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You may remember the monologue Glenn did on GBTV a few months ago deriding Levi's for it's advertising campaign celebrating revolution and progressivism. He announced today that he had a response for them - a new line of jeans from his own clothing line, 1791!
"Levi's said they wanted to be the uniform of the progressive movement. Okay. Great. Good for you. I'm not going to boycott Levi's. I don't really care. I've worn Levi's since I was a kid. If that's what Levis wants to do, Levis can do that," Glenn said.
"Now Levis, I remember when Levis were like $20, maybe 15. Levis aren't that anymore. Now, they do make a pair of Levis here in America, you know, the way they used to make them, but I think they're $250. It is extraordinarily expensive to make jeans in America, especially quality jeans. Well, we did our homework and it's taken about a year since I did that rant where I couldn't take Levis anymore and I said I wasn't going to wear Levis anymore, but it's taken us about a year to get ready for this. We did our homework on Levis. We found out that there is a mill still in North Carolina. It's the oldest operating loom in America. It is a loom that Levi Strauss, when they stopped making them in California ‑‑ and we're talking about in the Eighties 1800s ‑‑ they took off. They were miner pants, and they took off and people started wearing them. Well, they couldn't keep up in California, so they had to ‑‑ they had to outsource from California to North Carolina. And this loom that made this fabric, made this fabric, the Levis fabric that came off that loom in the late 1800s was the same loom that was making the fabric when James Dean was wearing it, when you were wearing it. In fact, it's the same fabric that all of us who are my age wore when we were a kid. Levis, Levis does their $250 jeans there, you know, if you want to have that special jean. The Levis that you now buy in the shelves, regular Levis, that's all made in China. Because they're working with and for China. And they're going to be the progressive uniform, you know."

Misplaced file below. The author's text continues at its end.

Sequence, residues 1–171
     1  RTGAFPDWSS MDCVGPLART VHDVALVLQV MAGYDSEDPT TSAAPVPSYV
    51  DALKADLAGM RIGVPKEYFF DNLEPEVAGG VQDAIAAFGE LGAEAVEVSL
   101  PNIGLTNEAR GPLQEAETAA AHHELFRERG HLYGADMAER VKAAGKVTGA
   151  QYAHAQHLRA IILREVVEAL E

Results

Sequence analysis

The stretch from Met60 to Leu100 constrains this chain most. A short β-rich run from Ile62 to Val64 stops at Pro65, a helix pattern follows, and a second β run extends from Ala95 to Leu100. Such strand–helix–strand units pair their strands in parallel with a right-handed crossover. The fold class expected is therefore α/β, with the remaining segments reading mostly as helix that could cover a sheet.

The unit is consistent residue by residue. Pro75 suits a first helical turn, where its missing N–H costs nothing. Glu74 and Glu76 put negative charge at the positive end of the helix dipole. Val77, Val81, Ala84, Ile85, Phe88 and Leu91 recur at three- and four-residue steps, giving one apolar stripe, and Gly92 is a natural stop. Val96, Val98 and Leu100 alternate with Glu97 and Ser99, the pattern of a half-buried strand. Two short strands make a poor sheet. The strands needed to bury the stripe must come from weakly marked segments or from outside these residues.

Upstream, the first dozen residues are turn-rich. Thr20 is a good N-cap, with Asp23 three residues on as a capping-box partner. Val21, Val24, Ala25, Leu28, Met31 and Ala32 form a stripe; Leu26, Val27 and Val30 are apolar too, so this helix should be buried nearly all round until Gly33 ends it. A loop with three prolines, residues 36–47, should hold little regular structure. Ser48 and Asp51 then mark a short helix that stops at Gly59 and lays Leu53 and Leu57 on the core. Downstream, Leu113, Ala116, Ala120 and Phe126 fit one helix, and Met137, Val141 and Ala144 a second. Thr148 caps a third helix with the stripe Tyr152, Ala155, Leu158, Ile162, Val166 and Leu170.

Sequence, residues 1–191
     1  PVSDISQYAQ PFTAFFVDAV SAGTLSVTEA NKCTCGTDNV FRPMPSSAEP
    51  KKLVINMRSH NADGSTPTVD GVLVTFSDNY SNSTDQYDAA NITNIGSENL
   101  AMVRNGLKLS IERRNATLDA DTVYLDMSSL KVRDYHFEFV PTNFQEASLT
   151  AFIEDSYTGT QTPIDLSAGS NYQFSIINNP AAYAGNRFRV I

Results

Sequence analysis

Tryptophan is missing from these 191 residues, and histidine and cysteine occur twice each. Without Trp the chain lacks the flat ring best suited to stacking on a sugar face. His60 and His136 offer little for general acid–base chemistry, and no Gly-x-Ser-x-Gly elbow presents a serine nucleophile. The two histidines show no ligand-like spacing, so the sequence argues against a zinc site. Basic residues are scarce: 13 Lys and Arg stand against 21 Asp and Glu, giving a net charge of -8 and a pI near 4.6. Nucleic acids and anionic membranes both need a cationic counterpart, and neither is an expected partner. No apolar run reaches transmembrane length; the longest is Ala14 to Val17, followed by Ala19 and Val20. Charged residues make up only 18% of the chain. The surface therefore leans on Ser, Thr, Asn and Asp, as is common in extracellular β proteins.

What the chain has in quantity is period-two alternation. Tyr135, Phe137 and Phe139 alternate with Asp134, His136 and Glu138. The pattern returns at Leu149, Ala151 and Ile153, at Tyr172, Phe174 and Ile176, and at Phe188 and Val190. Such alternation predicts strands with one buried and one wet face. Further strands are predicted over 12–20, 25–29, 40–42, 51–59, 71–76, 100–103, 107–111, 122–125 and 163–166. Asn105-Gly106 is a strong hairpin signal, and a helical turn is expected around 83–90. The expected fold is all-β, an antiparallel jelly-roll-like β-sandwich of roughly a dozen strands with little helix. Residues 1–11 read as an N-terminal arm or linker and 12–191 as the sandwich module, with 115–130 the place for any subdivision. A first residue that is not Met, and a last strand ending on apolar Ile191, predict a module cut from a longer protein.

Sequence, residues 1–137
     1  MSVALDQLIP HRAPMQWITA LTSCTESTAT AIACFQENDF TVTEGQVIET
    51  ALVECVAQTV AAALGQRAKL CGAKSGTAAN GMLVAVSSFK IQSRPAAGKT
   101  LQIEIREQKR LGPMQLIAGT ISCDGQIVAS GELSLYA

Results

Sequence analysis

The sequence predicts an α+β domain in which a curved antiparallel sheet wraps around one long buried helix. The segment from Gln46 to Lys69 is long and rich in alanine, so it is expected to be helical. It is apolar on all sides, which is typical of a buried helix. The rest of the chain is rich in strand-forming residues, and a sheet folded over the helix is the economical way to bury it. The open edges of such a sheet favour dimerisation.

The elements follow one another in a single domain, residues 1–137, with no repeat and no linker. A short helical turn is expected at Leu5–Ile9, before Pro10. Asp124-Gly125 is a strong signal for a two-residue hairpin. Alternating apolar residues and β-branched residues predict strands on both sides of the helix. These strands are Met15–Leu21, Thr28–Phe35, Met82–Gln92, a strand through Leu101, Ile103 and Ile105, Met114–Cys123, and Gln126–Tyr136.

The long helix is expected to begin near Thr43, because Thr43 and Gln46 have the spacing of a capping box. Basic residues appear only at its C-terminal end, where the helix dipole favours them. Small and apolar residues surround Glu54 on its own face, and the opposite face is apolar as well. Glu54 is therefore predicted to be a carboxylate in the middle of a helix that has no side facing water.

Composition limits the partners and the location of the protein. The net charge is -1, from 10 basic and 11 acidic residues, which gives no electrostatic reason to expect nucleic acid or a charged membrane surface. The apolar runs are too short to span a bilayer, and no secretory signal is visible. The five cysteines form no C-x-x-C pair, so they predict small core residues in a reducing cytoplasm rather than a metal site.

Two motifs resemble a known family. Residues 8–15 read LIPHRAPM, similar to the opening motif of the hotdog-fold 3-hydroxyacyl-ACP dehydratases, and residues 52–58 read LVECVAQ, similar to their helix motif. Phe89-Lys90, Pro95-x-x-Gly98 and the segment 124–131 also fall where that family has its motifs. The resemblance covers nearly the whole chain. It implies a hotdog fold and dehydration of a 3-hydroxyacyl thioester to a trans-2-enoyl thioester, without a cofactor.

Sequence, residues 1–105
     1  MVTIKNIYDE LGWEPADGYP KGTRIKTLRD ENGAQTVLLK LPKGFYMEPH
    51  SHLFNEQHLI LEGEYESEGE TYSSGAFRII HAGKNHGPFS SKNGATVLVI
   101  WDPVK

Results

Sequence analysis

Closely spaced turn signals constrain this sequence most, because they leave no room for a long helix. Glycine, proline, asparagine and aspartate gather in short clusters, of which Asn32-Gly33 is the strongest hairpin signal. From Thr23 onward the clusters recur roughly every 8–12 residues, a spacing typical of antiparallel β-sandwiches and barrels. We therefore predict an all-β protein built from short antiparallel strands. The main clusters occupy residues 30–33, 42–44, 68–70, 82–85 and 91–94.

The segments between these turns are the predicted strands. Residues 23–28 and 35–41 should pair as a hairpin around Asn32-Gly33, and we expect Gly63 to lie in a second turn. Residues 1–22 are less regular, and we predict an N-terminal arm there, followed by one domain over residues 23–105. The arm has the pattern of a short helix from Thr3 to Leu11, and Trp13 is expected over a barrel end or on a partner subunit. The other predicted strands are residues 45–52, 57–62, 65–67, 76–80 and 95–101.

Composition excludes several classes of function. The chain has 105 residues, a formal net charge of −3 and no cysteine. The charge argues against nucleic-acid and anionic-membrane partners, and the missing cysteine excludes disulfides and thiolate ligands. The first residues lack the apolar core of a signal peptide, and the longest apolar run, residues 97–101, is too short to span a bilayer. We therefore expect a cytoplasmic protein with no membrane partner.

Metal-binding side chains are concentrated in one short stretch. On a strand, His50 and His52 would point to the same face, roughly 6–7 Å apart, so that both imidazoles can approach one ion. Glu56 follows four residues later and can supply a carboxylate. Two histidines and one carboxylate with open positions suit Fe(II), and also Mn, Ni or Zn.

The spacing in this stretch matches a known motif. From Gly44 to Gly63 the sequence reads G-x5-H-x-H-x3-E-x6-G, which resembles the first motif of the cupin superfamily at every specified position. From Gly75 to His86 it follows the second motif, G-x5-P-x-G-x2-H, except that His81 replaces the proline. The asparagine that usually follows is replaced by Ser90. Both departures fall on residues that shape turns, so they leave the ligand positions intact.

"Well, we approached this mill and asked them, could we, could we buy that same exact fabric. The answer was, "Yes, we can make that for you." Good. We then went to ‑‑ we then went to places all around the country and tried to find a group that could actually put a great jean and make it in America. Can you make it in America? These jeans would be about $300 if we sold them the way Levis did. I don't even know the price. I think they're like $120. 100% made in America. It has the copper rivets, it has the button fly, it has the exact fabric that, if you're my age, you grew up with. The exact fabric that the miners used to use in the 1800s."
"Announcing: The new American jean, 1791."
"Go to 1791.com and sign up if you want to be the first to be alerted when you can buy this. It's a great jean, made here in America."